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Pain Research People


This group works under the direction of Professor Henry McQuay (Balliol), Professor of Pain Relief, and is based at the Churchill Hospital. Dr Andrew Moore (Balliol) continues his long-standing involvement. He edits the evidence-based newsletter Bandolier , which is produced from Pain Research with a monthly print run of 25,000 copies and with its active Internet site. Dr Moore and Dr McQuay are members of the Centre for Evidence-based Medicine.

Research group members are Phil Wiffen , Jayne Edwards , and (soon) Jodie Barden . We also have a wonderful volunteers in Ron Martin who is now close to celebrating his eleventh year helping in Pain Research. Maureen Woodford is our business manager and administrator, Carole Newton is Henry's secretary, and Maura Moore looks after Bandolier. Terrific support comes from Dr Chris Glynn , Dr Tim Jack , and Frances Fairman .


What we are doing now

The group continues its work on the Oxford Pain Relief Database which has identified over 15,000 controlled trials with pain as an outcome. The database is providing the framework for a series of systematic reviews in acute and chronic pain.

In chronic pain systematic reviews have been produced of anticonvulsants and antidepressants, intra-articular morphine, radiotherapy for bony metastases, topical NSAIDs and transcutaneous electrical nerve stimulation have been published. Some of these are now being updated and reviews are being done on acupuncture.

In acute pain a table of relative efficacy of analgesics is just about complete, and reviews on the use of transcutaneous electrical nerve stimulation in postoperative and labour pain have been published. Other reviews are being undertaken.

A lot of work has also been done in the field of migraine, with a league table for this as well.

Much work has been done in collaboration with Dr David Gavaghan (Computing Laboratory) on methodological issues like placebo responses and variability in clinical trials reports in order better to understand the fundamental principles of analgesic trials, and their meta-analysis.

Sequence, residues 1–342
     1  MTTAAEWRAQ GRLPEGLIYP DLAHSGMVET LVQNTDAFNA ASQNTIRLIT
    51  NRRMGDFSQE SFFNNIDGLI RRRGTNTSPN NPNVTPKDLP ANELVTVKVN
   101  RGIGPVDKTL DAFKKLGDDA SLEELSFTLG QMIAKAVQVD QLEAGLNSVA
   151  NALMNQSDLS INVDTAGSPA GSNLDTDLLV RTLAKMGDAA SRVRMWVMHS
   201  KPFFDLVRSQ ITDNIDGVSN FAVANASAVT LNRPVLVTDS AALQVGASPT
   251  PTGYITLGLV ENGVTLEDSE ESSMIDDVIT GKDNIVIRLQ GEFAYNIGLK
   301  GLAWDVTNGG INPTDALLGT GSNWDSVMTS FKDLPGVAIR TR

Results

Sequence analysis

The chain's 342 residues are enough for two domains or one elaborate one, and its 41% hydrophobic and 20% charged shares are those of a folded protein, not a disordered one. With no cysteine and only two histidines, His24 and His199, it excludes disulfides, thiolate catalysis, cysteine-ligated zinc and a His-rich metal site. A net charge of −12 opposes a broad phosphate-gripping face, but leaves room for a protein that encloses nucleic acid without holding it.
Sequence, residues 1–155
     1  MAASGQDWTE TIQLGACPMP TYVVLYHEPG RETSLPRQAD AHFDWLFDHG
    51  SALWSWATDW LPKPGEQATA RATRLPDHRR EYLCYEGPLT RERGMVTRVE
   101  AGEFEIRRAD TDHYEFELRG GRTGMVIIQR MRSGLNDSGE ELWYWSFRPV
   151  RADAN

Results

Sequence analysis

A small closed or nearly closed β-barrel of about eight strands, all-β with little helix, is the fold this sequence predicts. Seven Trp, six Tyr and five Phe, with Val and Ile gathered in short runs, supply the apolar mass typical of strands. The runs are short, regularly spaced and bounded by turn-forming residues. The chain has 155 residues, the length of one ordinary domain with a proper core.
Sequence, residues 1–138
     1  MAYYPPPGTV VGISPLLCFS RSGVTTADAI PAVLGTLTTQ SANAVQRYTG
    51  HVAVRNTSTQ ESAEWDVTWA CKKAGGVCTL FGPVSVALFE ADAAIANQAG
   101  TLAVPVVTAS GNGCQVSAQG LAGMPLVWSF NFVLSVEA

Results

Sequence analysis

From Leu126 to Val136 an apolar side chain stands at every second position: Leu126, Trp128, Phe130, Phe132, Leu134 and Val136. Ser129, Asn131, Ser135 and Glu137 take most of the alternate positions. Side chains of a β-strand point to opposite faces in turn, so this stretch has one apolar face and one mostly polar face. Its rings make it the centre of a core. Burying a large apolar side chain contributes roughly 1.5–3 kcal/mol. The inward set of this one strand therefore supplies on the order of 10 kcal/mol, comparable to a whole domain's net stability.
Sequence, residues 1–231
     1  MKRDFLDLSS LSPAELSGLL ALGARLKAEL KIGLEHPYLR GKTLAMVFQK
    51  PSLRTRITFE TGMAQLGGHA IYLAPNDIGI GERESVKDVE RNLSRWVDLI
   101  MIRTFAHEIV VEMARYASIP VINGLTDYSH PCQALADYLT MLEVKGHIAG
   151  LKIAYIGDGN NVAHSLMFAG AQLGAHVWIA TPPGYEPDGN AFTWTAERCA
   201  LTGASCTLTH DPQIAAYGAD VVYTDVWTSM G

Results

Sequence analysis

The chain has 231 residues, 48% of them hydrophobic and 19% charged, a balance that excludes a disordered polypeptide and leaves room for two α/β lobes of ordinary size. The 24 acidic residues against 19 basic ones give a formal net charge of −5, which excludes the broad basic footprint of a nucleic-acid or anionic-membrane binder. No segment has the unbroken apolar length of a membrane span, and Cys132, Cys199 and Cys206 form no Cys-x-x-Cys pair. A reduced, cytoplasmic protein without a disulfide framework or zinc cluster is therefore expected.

Phil and Frances run the Cochrane Collaboration group on Pain, Palliative and supportive care (PaPaS) and an IASP special interest group on systematic reviews.


Active collaboration with our colleagues in Europe (see below) is a rich source of new ideas.


Phil Wiffen (NHSE South East Regional Pharmaceutical Advisor) is based in Pain Research. He is actively helping to organise a Cochrane Collaborative Review group on Pain, Palliative and Supportive Care. He is also a key link in the nascent IASP special interest group on Systematic Reviews in Pain Relief.


Jayne Edward s (formerly with David Sackett) has finished her DPhil research (Balliol College) in the area of adverse events systematic reviews (BBSRC in conjunction with SmithKline Beecham). Among her other claims to fame Jayne has been involved with the first (so far as we know) systematic review of a new pharmaceutical product to be published before launch.


Frances Fairman has the task of keeping PaPaS on an even keel, dealing with all the good folk who want to do reviews or help in other ways in the Cochrane Collaboration.


Past members

Dawn Carroll has obtained her BA with honours from Oxford Brookes University and undertook the Masters course in EBM at Oxford University. Dawn was involved with neurosurgical interventions for pain relief with a team at the Radcliffe Infirmary, and is a whizz at digital photography in the operating theatre. She is now with Pfizer.

Alex Jadad (Balliol) came from Colombia, did some massively exciting stuff here around some of the basics in EBM, and then went off to McMaster and now Toronto.

Martin Tramèr (Balliol) came from Geneva, did terrific stuff on nausea and vomiting as well as researching into the evidence base of adverse events, and is now back in Geneva.

Sally Collins is now a medical student in Oxford. She spent two years with us as a research assistant and when we can, we tempt her back for special projects. Sally, with Clara from Alicante, has done some special work on reviews of clinical pharmacology of morphine

Lesley Smith recently completed her PhD in neuropharmacology at Oxford Brookes University and did systematic reviews in some areas like migraine and the epidemiology of chronic pain conditions. She also worked to develop the Bandolier complementary and migraine sites. She is now working with Jon Deeks at the Institute of Health Sciences.

Anna Oldman completed her DPhil in clinical psychopharmacology at the Warneford Hospital. She was the principal driver for the Oxford Pain Internet site, and made major contributions to the complementary and alternative therapy site.


Collaborators and frequent visitors are:

Tony Dickenson (University College Hospital, London)
Chris Eccleston (University of Bath)
Clara Faura (Alicante, Spain)
Alex Jadad (Balliol: Hamilton, Canada)
Eija Kalso (Helsinki, Finland)
Kate Seers (Health Services Research, Oxford)
Martin Tramèr (Geneva)
Amanda Williams (St Thomas' Hospital, London)